"This parish is the extreme southern part of the county, and stretches northward from the sea along the west bank of the river Duddon, to the source of the Esk, and containing the four townships of Birker and Austhwaite, Chapel Sucken, Millom Below and Millom Above; also the two chapelries of Thwaites and Ulpha. It is bounded on the north by the Esk, which divides it from Muncaster and Eskdale, on the west by Waberthwaite, Corney, Bootle, Whitbeck and Whicham, and on the south by the mouth of the Duddon which here expands into an open sandy bay, well known for its mussels and cockles." [Description from Mannix & Whellan's History, Gazetteer and Directory of Cumberland, 1847]
Millom has a Folk Museum - St. George's Road, Millom, LA18 4DD. The small museum and information centre are open during summer months. Among the records and exhibits on display is a full-scale reconstruction of a drift from the nearby Hodbarrow iron ore mine, together with a replica of a miner's cottage kitchen and a blacksmith's forge.
Millom Castle dates from 1335. The ruins surround the farmhouse which partly occupies the pele tower. Viewing is by permission from the farm.
"The Church of Millom, dedicated to the Holy Trinity is situate in this township, close to the Castle. It is a venerable edifice consisting of a nave and chancel, a south aisle, and a modern porch, with a bell turret carrying two bells. Near (the) east window is a piscina and at the west end is an octagonal stone font, ornamented with quatre-foils and a shield charged with the arms of Huddleston. In the church is an ancient mural tablet recording the names of several of the Huddleston family. The Rev Henry Pickthall B.A. is the present vicar, being inducted in 1836."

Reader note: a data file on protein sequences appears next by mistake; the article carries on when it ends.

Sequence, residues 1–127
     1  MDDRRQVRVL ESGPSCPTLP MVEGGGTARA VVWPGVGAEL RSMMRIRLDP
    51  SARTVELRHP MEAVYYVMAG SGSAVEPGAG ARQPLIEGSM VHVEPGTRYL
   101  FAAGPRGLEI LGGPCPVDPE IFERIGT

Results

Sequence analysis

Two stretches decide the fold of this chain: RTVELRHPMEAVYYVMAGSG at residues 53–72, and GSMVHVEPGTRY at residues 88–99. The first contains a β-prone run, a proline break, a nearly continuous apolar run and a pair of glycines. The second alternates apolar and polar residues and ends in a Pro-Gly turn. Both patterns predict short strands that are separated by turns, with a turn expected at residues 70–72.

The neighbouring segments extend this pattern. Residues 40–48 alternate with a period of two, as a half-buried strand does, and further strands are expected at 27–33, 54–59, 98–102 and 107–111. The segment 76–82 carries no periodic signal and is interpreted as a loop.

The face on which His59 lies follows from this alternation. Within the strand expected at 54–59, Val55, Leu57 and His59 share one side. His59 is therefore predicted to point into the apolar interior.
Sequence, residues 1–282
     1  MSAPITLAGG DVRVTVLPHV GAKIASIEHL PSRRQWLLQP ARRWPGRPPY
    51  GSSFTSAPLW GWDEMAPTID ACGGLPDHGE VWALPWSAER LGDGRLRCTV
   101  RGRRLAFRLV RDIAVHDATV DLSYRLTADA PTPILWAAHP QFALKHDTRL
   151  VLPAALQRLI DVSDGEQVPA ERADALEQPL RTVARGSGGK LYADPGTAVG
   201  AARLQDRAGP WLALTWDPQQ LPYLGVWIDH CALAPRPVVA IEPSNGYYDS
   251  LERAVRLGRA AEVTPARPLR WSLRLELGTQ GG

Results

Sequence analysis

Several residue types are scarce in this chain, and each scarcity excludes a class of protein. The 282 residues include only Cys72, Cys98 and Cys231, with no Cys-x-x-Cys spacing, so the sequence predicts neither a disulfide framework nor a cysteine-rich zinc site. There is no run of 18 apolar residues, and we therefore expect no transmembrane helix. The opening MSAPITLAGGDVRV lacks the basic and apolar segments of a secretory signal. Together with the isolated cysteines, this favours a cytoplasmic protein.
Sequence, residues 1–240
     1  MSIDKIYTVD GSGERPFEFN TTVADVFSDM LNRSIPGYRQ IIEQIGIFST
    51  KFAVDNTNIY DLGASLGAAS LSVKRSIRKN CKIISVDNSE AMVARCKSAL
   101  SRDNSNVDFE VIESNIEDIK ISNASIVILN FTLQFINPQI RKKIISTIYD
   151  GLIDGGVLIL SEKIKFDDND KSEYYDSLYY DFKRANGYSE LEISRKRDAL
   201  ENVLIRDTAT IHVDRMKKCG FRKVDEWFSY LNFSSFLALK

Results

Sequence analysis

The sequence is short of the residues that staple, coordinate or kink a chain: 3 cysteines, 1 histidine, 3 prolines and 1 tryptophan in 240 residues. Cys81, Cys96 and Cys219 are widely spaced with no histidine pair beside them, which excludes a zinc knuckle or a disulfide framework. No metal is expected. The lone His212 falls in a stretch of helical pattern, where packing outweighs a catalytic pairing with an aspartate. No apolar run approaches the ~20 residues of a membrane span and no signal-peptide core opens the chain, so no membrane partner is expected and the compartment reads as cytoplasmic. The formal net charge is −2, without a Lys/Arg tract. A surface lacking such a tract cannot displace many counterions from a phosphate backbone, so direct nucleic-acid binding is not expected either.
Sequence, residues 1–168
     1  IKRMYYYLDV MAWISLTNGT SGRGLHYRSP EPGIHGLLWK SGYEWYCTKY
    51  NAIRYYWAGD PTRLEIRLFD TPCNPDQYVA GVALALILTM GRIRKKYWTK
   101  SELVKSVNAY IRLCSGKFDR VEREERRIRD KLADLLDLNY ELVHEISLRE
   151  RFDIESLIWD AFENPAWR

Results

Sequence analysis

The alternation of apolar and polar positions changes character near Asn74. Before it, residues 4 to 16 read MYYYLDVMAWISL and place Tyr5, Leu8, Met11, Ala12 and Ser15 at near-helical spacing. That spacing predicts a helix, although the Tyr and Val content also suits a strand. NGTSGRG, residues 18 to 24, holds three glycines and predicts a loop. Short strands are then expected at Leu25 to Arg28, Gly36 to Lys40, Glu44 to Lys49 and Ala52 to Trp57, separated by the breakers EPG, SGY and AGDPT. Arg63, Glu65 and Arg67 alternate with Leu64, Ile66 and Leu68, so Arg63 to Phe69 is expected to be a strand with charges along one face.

(Extract from History, Gazetteer and Directory of Cumberland, Mannix & Whellan, cited above)
Millom fell under the authority of the ancient diocese of Chester and wills prior to 1858 were proved in the consistory court of the commissary of the Archdeconry of Richmond and are now deposited in the Lancashire Record Office. Most surviving local wills prior to 1858 are therefore in the Lancashire Record Office, Preston. However indexes are available at Barrow for COPELAND 1530-1857, and the Cumbria Record Office in Carlisle holds microfilm of some wills for the Deanery of Copeland 1466-1860.
The Province of York covered most of northern England, including this parish, and anyone who died leaving property in more than one diocese within the province would have their will proved in the Prerogative Court of the Archbishop of York (PCY) or sometimes in the Chancery Court of the Archbishop of York. These records are now deposited with York University, Borthwick Institute of Historical Research.
For probate from 1858 on, and general information, see our England - Probate page. However please note registered copy probate records for Cumberland are also available 1858-1941 at the Record Office in Carlisle.